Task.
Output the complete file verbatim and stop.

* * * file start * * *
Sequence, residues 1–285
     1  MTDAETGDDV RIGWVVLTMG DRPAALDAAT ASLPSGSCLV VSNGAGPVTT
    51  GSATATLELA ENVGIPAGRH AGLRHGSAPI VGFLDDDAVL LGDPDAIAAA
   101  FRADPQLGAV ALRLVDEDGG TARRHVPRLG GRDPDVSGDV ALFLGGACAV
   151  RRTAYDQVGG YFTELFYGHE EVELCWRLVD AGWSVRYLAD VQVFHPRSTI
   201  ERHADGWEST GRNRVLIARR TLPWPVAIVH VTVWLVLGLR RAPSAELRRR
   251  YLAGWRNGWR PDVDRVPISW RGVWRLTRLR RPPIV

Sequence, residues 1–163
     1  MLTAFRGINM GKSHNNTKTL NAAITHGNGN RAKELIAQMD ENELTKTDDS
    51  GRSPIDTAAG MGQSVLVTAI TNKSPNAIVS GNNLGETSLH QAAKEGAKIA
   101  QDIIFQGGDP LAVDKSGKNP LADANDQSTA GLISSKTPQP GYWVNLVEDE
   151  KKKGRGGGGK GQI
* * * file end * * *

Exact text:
Sequence, residues 1–285
     1  MTDAETGDDV RIGWVVLTMG DRPAALDAAT ASLPSGSCLV VSNGAGPVTT
    51  GSATATLELA ENVGIPAGRH AGLRHGSAPI VGFLDDDAVL LGDPDAIAAA
   101  FRADPQLGAV ALRLVDEDGG TARRHVPRLG GRDPDVSGDV ALFLGGACAV
   151  RRTAYDQVGG YFTELFYGHE EVELCWRLVD AGWSVRYLAD VQVFHPRSTI
   201  ERHADGWEST GRNRVLIARR TLPWPVAIVH VTVWLVLGLR RAPSAELRRR
   251  YLAGWRNGWR PDVDRVPISW RGVWRLTRLR RPPIV

Sequence, residues 1–163
     1  MLTAFRGINM GKSHNNTKTL NAAITHGNGN RAKELIAQMD ENELTKTDDS
    51  GRSPIDTAAG MGQSVLVTAI TNKSPNAIVS GNNLGETSLH QAAKEGAKIA
   101  QDIIFQGGDP LAVDKSGKNP LADANDQSTA GLISSKTPQP GYWVNLVEDE
   151  KKKGRGGGGK GQI